“Becoming Martin”: M.L.K. in a Different Light

The Coterie Theater premiers the story of Martin Luther King as a teenager with faith and activism: this is “Becoming Martin”.


J Robert Schraeder

Walter Coppage (as Dr. Benjamin E. Mays) and Aaron Ellis (as Martin Luther King, Jr.) in The Coterie’s world premiere ofBecoming Martin, written by Kevin Willmott and directed by Chip Miller. Live on stage at The Coterie, September 18 – October 21, 2018.

by Claire Smith , Writer

Chip Miller walks into the Coterie theatre for the first time, not as an audience member, but a director. He sees familiar faces that he used to see onstage, but is now working with those actors in a world premiere production.

Becoming Martin, premiering at the Coterie theater tells the story of King and his journey through college starting at 15 years old. The production shows another side of Martin Luther King Jr. – his struggle to find his faith. Miller says that this internal battle of King’s helps audiences see the human side of King.

“I think what interested me is when they asked me to direct this play is the fact that we see Martin Luther King as this icon, we don’t really view him as ‘human’,” Miller said. We view him as a man who has a holiday named after him. So to actually investigate who the man behind the icon is to understand him, but more in a way of saying, this icon was an ordinary boy who became extraordinary”.
According to Miller, King’s faith, in the end, helped guide him to become the leader he is today.

“What this play explores is how to practice what you preach and also knowing who to preach it too,” Miller said. “Martin has to figure out – what is my faith for me, and how does that lead me in the world? I can’t just be a lawyer or a doctor, I have to be a minister because my faith and my beliefs on how to change the world come through in this”.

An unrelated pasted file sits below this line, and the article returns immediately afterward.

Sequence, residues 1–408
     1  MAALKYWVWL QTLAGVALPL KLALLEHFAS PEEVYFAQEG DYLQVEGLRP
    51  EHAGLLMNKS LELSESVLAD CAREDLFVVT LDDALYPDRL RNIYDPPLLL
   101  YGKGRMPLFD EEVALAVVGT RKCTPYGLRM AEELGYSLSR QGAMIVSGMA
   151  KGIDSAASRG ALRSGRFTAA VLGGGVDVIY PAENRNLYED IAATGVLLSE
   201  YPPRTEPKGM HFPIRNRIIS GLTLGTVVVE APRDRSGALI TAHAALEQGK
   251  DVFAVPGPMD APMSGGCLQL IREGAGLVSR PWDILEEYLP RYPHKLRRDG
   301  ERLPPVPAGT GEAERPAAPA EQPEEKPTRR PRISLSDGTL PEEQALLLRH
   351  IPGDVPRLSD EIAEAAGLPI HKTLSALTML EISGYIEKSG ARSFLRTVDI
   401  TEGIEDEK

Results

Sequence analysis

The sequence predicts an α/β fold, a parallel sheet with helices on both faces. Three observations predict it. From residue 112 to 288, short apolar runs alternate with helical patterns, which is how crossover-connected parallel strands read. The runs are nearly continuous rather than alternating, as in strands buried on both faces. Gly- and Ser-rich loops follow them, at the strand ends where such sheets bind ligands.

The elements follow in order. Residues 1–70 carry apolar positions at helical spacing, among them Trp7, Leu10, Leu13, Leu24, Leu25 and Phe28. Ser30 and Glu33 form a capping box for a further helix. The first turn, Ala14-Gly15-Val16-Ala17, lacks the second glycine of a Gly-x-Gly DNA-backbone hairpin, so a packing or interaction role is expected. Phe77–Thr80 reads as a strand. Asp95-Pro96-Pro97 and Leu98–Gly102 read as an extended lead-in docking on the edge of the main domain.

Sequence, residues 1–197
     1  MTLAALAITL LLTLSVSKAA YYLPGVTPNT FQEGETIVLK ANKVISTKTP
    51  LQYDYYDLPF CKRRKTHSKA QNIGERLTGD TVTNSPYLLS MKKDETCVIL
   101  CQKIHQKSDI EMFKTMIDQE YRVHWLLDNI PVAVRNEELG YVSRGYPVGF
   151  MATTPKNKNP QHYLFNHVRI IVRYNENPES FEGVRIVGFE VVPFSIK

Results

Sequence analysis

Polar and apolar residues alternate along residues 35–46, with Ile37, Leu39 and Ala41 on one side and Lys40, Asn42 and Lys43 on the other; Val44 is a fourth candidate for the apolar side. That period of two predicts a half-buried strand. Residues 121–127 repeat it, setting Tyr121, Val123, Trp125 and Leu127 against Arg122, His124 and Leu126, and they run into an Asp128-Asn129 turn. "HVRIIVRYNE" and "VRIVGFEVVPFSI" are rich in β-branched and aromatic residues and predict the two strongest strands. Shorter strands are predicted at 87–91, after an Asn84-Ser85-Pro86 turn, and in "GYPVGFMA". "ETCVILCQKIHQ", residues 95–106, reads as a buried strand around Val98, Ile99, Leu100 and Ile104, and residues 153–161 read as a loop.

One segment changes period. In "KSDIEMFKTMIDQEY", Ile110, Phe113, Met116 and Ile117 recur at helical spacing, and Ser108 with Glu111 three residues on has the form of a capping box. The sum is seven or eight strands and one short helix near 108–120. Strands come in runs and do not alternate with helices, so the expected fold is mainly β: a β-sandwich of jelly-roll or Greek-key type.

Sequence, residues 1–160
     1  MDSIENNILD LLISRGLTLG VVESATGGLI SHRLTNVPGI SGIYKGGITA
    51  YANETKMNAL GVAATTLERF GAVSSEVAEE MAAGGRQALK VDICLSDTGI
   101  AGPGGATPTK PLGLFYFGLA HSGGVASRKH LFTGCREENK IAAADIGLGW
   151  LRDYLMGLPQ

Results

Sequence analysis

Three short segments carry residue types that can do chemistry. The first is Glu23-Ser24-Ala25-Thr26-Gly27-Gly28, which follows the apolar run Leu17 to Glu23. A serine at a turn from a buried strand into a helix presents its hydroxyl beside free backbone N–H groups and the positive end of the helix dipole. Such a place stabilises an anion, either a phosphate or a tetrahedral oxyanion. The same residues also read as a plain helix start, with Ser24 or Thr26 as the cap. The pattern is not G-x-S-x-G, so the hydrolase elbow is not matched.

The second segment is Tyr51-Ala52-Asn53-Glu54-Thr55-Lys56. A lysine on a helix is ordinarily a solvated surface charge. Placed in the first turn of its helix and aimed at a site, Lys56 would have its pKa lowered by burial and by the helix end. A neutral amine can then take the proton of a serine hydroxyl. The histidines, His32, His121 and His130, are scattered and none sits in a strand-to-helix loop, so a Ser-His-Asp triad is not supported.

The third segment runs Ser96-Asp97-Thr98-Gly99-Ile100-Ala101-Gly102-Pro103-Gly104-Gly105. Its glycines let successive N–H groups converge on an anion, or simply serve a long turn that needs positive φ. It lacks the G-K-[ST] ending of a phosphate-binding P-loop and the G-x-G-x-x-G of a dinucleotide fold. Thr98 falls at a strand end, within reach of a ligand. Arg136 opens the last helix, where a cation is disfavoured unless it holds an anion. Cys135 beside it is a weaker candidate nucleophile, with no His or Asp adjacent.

King’s life revolved around the balance of civil rights of the 1930’s and his faith. The discussion of civil rights fits perfectly within social studies teacher, Craig Whitney’s, curriculum.

“I like the idea of seeing historical content performed,” Whitney said, “I think it’s a great opportunity for the kids to be able to get out of school and do something like this. Academically oriented still, but it’s produced in a different way which is nice.”

His history class will not cover civil rights until the second semester, but Whitney thinks it’s convenient to have that information already introduced.

“It makes it nice that they have gone to the play, seen this, we have already talked about it, so that when you revisit this – you are able to go into more and more detail in the spring,” Whitney said.

The junior class attended this play on Oct. 5th as a field trip for their class. The play was $10 per person, and completely optional. free of choice.

“That’s how I like to set it up is to invite them to go, none of them are required to, and they could choose not to,” Whitney said. “And there are some students who are unable to go for one reason or another, but we get most of the junior class”.

Junior Liv Richardson attended the play and appreciates the relatability of a teenage Martin.

“Being an African American, you see a lot about MLK as he’s in his 30’s or late 20’s, but you don’t really get to see 15 year old Martin and what he was thinking or what was going on in his head,” Richardson said.

King’s value shines in the play, and Miller says that the play teaches students of our responsibility in society.

“I think it’s a thing that we constantly have to do of what is our responsibility as the educated, as the faithful, as whatever we are, as a society, as Americans, as our duty to see the humanity everywhere, and fight for humanity,” Miller said.